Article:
Wikipedia Is Arguing Whether This Album Cover Is Child Porn

In the original, the teddy bear's not there; there's just a crack obscuring the girl's vagina. This 1976 album cover from the Scorpions was banned in the U.S.; the German metal band used a shot of the band for the American cover of Virgin Killer. Now Wikipedia nerds are deciding whether it's child porn, and whether they should delete it from this Wikipedia page about the album. And if you clicked that last link, you might have just broken federal law.

Both sides of the debate sound valid. After all, it made it into German record stores, so in at least one country it's legal. But in America, it's illegal to capture, transmit or possess an image of a prepubescent in a sexual pose (and it could easily be argued that this girl is in a sexual pose). It's still unclear whether knowingly clicking a link to view child porn online counts as possession (after all, the image is now on the viewer's hard drive, at least in their automatically created browser cache).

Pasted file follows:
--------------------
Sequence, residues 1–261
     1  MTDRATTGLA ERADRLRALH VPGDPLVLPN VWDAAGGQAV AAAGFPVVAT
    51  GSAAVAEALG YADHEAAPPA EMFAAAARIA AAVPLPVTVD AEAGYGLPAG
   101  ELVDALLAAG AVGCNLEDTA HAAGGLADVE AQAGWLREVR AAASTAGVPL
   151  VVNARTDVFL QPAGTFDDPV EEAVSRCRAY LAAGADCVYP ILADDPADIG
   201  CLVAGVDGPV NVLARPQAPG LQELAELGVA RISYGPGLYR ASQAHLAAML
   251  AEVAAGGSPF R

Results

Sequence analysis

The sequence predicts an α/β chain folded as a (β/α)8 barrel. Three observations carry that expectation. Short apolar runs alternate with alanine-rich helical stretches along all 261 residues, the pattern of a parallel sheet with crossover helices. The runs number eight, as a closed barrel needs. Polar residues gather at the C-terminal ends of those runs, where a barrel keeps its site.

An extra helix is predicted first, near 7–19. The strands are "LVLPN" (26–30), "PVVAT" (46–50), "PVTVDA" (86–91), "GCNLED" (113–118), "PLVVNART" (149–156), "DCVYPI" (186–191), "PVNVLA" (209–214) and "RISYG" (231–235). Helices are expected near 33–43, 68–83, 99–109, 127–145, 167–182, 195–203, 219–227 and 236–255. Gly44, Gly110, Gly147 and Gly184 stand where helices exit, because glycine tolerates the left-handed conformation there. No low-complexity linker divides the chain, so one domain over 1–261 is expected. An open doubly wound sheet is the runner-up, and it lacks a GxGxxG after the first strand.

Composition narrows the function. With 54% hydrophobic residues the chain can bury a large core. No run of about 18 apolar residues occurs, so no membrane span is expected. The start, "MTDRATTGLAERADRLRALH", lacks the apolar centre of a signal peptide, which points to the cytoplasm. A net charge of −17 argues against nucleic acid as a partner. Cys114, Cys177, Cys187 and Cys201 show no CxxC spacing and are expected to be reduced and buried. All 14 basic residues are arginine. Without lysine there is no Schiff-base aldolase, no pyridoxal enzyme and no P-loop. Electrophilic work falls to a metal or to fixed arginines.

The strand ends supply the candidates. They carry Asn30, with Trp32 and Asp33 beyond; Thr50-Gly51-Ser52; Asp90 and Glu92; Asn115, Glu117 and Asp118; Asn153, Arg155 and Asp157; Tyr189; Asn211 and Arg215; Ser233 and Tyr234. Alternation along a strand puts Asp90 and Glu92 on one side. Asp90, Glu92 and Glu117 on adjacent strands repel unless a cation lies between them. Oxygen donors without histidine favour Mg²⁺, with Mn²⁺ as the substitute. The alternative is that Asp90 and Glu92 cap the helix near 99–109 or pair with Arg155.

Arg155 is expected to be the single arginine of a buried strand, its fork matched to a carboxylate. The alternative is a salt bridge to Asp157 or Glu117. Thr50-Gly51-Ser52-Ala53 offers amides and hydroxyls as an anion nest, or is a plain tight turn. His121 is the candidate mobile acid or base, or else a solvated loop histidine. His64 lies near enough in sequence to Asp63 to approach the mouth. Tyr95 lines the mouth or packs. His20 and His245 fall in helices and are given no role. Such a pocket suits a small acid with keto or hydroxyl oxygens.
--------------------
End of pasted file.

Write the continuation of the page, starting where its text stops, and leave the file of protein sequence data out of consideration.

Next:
The Feds are looking into it, according to World Net Daily, as well as plenty of adult pornography, since it all could be viewed by minors (Wikipedia doesn't require registration to view articles or images). So theoretically it's up to them, not the Wikipedia editors.

Jeez, I mean I'm not turned on by this photo, but it's not ludicrous to imagine that someone is supposed to be. And how does that not obviously violate U.S. child porn laws? On the other hand, it's an album cover of some historical note and artistic merit. So is it child porn? And is anyone who argues otherwise a perv?